• Debt obligations: Your lender may also want to review your monthly debt obligations to determine your ability to repay the mortgage loan. This includes credit cards, student loans, auto loans, and others.
  • Credit score: While some lenders may approve your mortgage with little to no credit, you may need to provide documentation from your home country that shows your credit history.
Flexible mortgage options allow self-employed, real estate investors and jumbo borrowers to finance real estate.

Purchase or refinance without W2 by using 1099s, bank statements, assets, or debt coverage ratio. Click below to get started.

Are There Any Mortgage Restrictions for Non-US Citizens?

Yes, there are a couple of restrictions for obtaining a mortgage as a non-U.S. citizen. Here are common restrictions immigrants may face when applying for a mortgage.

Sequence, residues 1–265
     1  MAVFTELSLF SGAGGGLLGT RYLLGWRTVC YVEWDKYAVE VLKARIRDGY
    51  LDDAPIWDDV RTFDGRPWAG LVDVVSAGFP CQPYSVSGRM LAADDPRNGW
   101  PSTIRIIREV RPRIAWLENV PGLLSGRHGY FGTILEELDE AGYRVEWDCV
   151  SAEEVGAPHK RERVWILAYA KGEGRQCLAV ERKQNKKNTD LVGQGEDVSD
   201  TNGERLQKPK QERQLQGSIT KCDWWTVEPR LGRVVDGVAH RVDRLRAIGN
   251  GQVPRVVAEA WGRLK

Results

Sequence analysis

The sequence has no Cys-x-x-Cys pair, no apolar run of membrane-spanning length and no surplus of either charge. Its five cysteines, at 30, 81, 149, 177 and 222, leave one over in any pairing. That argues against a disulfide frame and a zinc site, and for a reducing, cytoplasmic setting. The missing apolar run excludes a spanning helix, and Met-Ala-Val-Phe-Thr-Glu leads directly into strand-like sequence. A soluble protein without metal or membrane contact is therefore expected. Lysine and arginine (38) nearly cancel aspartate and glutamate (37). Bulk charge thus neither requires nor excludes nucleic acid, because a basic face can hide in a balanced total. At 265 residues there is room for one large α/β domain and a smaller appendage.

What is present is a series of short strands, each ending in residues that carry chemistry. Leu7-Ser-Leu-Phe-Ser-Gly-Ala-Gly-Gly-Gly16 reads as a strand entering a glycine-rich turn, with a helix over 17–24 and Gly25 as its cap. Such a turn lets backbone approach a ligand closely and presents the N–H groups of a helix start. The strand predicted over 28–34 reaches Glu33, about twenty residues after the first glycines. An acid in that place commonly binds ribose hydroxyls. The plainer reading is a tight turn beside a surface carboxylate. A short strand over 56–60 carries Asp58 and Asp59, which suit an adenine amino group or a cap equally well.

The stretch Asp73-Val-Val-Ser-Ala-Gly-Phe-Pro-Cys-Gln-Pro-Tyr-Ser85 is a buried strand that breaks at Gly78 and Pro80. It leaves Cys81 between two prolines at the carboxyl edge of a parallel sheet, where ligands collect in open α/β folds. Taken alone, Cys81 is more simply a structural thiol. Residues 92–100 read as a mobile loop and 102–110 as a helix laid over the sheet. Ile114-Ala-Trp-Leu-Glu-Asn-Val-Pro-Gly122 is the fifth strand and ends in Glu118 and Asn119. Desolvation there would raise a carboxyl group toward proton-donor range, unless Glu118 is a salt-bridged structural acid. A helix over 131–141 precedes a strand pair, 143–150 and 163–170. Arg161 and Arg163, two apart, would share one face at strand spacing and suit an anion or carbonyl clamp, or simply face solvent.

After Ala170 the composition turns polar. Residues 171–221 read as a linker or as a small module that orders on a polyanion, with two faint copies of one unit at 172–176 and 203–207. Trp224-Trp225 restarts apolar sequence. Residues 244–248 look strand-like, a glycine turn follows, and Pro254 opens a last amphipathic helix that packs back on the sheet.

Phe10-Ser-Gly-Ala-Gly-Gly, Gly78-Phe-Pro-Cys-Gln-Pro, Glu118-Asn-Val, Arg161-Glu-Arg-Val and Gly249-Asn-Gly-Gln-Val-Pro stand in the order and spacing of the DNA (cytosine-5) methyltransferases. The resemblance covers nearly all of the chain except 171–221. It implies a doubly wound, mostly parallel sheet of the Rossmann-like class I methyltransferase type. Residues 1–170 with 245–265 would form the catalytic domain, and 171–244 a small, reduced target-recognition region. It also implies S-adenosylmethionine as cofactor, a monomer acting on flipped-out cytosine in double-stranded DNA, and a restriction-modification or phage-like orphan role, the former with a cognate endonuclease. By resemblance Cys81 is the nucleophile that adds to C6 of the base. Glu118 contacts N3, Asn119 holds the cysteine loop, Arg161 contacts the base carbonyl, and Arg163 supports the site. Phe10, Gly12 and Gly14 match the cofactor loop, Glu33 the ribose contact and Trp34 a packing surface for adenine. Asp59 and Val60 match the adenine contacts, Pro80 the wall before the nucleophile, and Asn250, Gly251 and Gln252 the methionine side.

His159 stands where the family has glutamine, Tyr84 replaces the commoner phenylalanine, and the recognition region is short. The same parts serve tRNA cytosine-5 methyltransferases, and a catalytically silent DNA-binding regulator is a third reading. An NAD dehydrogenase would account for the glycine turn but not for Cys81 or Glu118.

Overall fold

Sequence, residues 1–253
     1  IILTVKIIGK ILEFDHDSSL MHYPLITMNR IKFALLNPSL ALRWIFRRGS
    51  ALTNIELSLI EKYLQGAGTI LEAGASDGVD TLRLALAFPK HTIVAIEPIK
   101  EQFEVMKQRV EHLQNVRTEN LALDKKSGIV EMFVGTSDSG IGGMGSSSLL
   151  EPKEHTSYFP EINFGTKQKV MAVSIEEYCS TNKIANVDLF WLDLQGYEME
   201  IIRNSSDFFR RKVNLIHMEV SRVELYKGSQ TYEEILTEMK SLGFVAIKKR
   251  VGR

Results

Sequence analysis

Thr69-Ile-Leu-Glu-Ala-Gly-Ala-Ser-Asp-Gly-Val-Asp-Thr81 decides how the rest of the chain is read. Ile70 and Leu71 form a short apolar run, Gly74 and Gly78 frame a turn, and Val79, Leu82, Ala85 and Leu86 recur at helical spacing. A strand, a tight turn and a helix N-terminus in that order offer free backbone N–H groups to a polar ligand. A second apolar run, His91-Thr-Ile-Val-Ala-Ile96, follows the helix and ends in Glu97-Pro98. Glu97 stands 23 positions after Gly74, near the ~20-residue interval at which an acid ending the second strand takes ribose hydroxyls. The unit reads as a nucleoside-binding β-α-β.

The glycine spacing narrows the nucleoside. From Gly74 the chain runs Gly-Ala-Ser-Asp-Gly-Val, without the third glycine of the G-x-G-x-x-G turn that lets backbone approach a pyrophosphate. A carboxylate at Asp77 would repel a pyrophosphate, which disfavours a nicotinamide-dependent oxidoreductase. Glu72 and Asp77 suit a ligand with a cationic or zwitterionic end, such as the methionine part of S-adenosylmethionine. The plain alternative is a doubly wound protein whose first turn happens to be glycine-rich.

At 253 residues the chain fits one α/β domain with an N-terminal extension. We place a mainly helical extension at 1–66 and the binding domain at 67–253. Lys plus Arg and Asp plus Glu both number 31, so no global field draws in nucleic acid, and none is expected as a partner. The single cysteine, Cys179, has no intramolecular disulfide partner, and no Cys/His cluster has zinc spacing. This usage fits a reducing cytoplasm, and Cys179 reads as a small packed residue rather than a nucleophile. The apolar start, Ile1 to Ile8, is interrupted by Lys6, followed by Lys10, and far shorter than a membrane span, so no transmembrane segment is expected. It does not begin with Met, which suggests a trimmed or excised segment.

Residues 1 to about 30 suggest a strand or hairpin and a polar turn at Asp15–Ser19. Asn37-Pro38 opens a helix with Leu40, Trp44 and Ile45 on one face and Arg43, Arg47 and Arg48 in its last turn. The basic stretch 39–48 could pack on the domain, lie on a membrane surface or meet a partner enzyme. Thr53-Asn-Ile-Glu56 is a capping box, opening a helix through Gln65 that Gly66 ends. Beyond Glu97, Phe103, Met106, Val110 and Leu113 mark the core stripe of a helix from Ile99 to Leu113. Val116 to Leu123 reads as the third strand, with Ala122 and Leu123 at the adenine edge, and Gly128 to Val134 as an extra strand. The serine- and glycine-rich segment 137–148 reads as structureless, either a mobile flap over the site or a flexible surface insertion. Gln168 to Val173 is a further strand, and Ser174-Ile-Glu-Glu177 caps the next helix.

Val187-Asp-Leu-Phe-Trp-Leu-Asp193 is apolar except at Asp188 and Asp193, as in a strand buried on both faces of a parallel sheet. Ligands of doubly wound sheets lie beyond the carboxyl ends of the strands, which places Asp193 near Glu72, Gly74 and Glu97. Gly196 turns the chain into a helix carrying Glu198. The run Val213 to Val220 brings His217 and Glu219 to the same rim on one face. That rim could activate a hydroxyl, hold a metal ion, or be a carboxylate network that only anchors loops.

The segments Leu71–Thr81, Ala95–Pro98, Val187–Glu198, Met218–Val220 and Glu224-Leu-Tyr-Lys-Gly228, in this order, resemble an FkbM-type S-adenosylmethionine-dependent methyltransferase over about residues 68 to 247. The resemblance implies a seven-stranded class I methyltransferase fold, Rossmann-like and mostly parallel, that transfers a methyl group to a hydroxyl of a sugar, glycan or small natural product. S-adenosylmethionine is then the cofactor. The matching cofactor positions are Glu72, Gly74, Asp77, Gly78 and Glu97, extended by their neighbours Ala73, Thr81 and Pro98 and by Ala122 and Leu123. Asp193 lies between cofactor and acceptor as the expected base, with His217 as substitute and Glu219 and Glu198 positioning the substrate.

• You must have a valid social security number, work permit, or employer-sponsored visa
  • Put down a larger down payment, ranging from 20% to 50%
  • You may have limited mortgage options and amounts
  • You may be subject to higher interest rates compared to permanent residents

What Mortgages Can Non-US Citizens Get?

As an immigrant living in the U.S., you may qualify for the following mortgage options:

Conventional Loans

A conventional loan is a “conforming” loan that meets the lending standards set by Fannie Mae and Freddie Mac. Since these loans aren’t insured by any government agency, they typically have stringent requirements. 

To qualify for a conventional loan, you need a minimum credit score of 620, a two-year employment history, consistent income, and a debt-to-income ratio of 43% or lower.

While conventional mortgages have stricter lending requirements, they come with several advantages. For one, you may only need to put down a 3% down payment, depending on the home loan you choose. And if you put down 20% or more, you avoid paying private mortgage insurance (PMI).

FHA Loans